Inertia  (further development for this page is planned)


the context determines what is possible

Since a system is viable only as long as it is able to exchange energy and materials (mattergy) with its environment, the form of that environment both enables and constrains what connections are possible.  Thus when a living system enters a new environment, it must fit in to “make its living” - and this is true also of people living in social systems.  People, can, however influence others around them through interactions that are not directly related to energy or material exchange; thus we are under the impression that we can change those systems as we desire through persuasion.  Persuasion, too, can be considered to deal with the inertia of existing opinions and other conversations. Cultures, as networks of conversations, thus appear to have an inertia.

a system is also a network of relations

When we look at a system we are in some sense taking a similar look as when we look at a medium as a system of systems.  Namely whatever the components of a system, they exist also as a configuration of relations, namely the organization of that system.   If one element, say a person in a family, wants to change his or her relations with the others, the others either have to adapt, or the individual must conform to what fits in, or s/he has to leave.


why “inertia”?

Systems sometimes appear to resist change.   They appear to have a tendency to keep operating as they have operated.  When we like this to be the case, we speak of it as robustness. When we want to change the system, we speak of it as rigid, or perverse - or we look for something or someone to blame.   

I have chosen to borrow a word from physics, and speak instead of inertia.  Dynamic systems, especially those that are living systems or are constituted as the relations between living systems, don’t really have inertia in the sense of a resistance to any change in its state of motion.  However, the dynamics of a system, operating in some context, may fall into patterns that appear to resist change.    There are obviously many different dynamics entailed in this, will distinguish two types here; being aware that this pair of distinctions is only one way of looking at this phenomenon.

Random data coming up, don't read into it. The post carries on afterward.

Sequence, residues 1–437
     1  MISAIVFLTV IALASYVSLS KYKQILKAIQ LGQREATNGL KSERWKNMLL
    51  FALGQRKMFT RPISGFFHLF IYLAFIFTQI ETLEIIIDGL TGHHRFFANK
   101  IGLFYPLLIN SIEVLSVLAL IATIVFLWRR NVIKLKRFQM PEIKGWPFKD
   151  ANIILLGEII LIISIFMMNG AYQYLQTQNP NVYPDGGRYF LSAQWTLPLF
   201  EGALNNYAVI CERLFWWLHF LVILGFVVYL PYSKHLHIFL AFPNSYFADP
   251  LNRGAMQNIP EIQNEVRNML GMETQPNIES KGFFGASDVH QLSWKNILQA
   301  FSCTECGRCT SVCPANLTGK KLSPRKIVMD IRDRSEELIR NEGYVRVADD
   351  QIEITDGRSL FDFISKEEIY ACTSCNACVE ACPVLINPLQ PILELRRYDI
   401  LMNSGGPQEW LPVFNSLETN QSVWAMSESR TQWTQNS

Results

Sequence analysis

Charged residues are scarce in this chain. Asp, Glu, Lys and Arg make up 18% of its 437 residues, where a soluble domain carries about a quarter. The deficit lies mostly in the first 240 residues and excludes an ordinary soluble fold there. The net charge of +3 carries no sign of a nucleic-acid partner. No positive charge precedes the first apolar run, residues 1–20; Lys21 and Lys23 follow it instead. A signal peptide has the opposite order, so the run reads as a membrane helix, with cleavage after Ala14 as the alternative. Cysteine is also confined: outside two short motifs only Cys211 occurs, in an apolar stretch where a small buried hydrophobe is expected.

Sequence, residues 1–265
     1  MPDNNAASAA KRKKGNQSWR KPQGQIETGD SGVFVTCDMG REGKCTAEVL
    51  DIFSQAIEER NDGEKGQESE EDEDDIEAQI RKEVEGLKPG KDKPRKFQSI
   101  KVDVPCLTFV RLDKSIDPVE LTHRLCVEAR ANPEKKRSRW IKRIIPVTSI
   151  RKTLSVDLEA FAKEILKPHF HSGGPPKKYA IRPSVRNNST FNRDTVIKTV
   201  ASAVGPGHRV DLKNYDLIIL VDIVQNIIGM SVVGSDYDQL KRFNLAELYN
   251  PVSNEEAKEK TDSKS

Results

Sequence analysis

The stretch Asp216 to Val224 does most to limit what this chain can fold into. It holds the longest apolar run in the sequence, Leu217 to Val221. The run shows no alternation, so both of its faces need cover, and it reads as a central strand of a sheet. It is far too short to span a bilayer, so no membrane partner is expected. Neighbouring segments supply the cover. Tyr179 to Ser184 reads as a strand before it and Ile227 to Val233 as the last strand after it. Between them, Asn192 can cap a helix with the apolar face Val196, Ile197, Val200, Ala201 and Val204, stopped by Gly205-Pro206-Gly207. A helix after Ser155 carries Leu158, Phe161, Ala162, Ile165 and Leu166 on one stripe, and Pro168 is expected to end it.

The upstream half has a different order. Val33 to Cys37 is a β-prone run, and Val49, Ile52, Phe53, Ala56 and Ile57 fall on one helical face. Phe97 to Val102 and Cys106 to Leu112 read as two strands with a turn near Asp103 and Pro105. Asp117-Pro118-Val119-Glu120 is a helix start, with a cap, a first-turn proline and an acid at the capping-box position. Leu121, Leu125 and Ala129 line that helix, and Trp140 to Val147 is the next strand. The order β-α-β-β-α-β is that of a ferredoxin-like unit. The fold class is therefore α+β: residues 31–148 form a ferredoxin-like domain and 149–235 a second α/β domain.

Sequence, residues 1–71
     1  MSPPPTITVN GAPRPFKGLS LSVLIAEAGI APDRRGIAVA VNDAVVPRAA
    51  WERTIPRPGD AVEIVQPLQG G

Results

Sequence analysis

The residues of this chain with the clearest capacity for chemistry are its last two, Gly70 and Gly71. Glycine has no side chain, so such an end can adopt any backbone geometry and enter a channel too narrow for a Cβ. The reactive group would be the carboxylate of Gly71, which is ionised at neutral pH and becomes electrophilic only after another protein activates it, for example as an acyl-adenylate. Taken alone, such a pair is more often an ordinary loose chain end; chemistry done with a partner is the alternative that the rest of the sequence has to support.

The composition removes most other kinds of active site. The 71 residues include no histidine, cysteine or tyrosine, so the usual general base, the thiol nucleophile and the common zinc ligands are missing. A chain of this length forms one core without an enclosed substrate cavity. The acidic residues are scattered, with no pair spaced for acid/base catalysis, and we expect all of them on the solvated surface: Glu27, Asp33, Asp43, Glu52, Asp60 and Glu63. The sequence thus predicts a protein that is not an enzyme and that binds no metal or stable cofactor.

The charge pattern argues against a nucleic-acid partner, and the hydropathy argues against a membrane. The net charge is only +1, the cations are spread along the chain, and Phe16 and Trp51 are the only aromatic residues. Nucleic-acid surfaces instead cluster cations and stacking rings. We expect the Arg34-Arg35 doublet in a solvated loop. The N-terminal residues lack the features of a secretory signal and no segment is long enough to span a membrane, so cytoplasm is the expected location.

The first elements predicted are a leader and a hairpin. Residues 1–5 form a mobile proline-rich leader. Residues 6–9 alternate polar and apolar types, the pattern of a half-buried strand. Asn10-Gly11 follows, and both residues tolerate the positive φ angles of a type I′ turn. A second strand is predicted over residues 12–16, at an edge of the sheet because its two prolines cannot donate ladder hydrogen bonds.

a perspective for observing dynamics

If I look at the relational dynamics among the elements of a system, I am looking “inside” the system trying to understand what keeps it doing whatever it is doing.   In this perspective I may speak about the inertia of that organization, hence “organizational inertia”.  If my view is more towards the medium, and how that constrains the behaviour of the system, I may speak about the inertia of the medium, or “contextual inertia”.  

Not only are these two distinctions somewhat arbitrary because the system is always interacting with its medium, but contextual inertia is really a network of what could be regarded as other systems, each with their organizational inertia.  In a way, it is the complex of relationships itself that IS the inertia, as it is difficult to change any one while all the others are configured in some workable way - workable but not necessary “best” from a human interest.

The course of the history of interacting systems is determined by the configuration of relations between them that is conserved, while the interacting systems change around the conservation of the configuration of relations that define them.